Tort Law (Economic loss)

Tort Law (Economic loss) - Negligence Recovery for economic...

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Negligence Recovery for economic loss In general, there was a rule against the recovery for pure economic losses. There are three exceptions: a) Economic loss arising from defects in property b) Economic loss arising from negligent misstatements c) Economic loss arising from professional services Pure economic loss is distinct from consequential/relational economic loss which flows from some sort of property damage or personal injury Co (1972) (During a cut in electricity, ore in a smelt was damaged) Held: Losses arising from property damage (the ore) could be claimed but not pure economic losses (the smelts P could have run). Cattle v Stockton (1875) Relational economic loss was not claimable. Where a 3 rd party negligently does an act to A or his property resulting in pure economic loss (but no physical loss) to B. B cannot claim for his losses. Reaffirms Cattle . Plaintiff could not sue the shippers, because they did not own the goods at the time of damage (relational economic loss). a) Economic loss arising from defects in property English Position Anns v Merton LBC (1978) HL (Lessees sued local authority for the cost of remedying defects in foundation of property) Held: Defects were a potential danger to the health and safety of the occupiers. Plaintiffs entitled to recover. 2 stage test of proximity and policy consideration. Damages recoverable include all those which foreseeably arise from breach e.g. amt of expenditure necessary to restore the dwelling to a condition in which it no longer poses a health/safety threat and possibly expenses arising from displacement Junior Books Ltd v Veitchi Ltd (1983) HL (Ds were subcontractors nominated by main contractor’s architect to lay the floor. The floor was uneven, posed no danger or risk but owners sued subcontractors for cost of replacing floor.) Held: Plaintiffs entitled to recover. Applying the 2 stage test: (1) D owed a restricted duty of care to P because Ds were professionals, had been nominated, were relied upon, and were in a near- contractual relationship with P. P was a foreseeable victim. (2) No policy considerations against recovery NB: this decision is restricted to the special facts of the special proximity between P and D D & F Estates Ltd v Church Commissioners for England (1988) HL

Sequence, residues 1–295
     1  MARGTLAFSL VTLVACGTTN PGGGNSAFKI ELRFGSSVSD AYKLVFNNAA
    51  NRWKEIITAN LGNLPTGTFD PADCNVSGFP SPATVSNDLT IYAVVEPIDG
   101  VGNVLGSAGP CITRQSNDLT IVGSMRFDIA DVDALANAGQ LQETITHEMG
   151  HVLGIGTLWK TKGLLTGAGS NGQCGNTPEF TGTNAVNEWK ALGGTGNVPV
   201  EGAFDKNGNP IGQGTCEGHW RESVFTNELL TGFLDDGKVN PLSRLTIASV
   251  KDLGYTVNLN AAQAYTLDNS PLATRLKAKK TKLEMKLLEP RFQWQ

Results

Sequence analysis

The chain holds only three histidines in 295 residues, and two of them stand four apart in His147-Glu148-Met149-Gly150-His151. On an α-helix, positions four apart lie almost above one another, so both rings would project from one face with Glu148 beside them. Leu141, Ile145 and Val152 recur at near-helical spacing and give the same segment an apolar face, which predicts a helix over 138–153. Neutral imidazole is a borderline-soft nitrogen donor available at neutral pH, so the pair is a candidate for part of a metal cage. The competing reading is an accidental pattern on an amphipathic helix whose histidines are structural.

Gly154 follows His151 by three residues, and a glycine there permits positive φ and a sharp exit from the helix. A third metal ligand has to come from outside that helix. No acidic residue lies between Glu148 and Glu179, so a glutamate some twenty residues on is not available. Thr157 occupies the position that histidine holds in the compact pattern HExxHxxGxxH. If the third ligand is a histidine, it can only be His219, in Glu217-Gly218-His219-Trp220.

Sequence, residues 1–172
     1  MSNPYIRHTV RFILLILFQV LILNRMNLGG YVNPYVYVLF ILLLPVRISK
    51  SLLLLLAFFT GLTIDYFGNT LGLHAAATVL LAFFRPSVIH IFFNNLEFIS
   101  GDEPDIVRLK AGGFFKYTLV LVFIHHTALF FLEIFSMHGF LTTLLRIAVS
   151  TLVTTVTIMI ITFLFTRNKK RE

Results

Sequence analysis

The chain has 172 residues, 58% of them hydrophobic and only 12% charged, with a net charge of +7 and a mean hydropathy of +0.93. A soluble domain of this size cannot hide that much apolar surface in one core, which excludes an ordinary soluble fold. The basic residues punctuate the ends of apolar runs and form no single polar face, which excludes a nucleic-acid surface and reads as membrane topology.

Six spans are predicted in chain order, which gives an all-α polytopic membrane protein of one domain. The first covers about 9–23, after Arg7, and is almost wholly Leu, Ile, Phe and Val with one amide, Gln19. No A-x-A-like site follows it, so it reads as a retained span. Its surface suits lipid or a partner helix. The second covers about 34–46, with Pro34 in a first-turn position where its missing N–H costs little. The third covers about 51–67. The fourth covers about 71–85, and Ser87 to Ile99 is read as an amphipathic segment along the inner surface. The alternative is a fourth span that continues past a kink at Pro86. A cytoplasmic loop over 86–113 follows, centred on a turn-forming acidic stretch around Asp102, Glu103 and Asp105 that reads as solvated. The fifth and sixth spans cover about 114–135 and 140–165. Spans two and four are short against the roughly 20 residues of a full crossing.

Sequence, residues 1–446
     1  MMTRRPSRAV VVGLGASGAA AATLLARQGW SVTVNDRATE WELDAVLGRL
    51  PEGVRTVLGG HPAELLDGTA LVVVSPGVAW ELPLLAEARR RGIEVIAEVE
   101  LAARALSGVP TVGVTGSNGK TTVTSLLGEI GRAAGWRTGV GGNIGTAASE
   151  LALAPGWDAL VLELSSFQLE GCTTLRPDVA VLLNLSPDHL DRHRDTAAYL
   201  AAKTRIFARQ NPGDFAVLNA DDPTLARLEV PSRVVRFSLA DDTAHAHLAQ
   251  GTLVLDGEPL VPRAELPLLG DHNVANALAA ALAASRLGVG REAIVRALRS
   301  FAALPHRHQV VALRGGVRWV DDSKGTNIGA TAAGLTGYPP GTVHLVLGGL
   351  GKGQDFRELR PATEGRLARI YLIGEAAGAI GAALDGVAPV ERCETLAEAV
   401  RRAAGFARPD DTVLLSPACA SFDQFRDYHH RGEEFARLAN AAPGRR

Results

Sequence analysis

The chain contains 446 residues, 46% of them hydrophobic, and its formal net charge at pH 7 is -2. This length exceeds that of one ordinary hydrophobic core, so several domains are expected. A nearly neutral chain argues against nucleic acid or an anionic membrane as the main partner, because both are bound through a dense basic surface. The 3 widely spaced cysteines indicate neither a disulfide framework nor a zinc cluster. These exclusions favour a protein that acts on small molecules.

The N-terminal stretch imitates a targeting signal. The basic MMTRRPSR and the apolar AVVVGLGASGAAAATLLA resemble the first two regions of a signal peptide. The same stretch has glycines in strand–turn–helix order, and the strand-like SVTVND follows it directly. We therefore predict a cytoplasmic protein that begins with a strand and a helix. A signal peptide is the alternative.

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(D builders employed a subcrontactor to carry out plastering work. Ps were lessees and occupiers of block of flats. 15 years later, they found plaster in their flat was loose and sued builder for cost of remedial work) Held: This was pure economic loss NOT recoverable in tort. Lord Bridge differentiated b/w (1) product which causes injury or damage to property other than itself → liable in tort (2) a product which is dangerously defective where the defect is discovered before damage is caused → economic loss recoverable in contract by buyer or hirer, BUT not recoverable in tort by remote buyer or hirer of chattel This principle applied to damage to property, ruling out possibility of ‘preventive damage’. Also distinguished b/w complex and simple structures. IN complex structure, each part of the
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Tort Law (Economic loss) - Negligence Recovery for economic...

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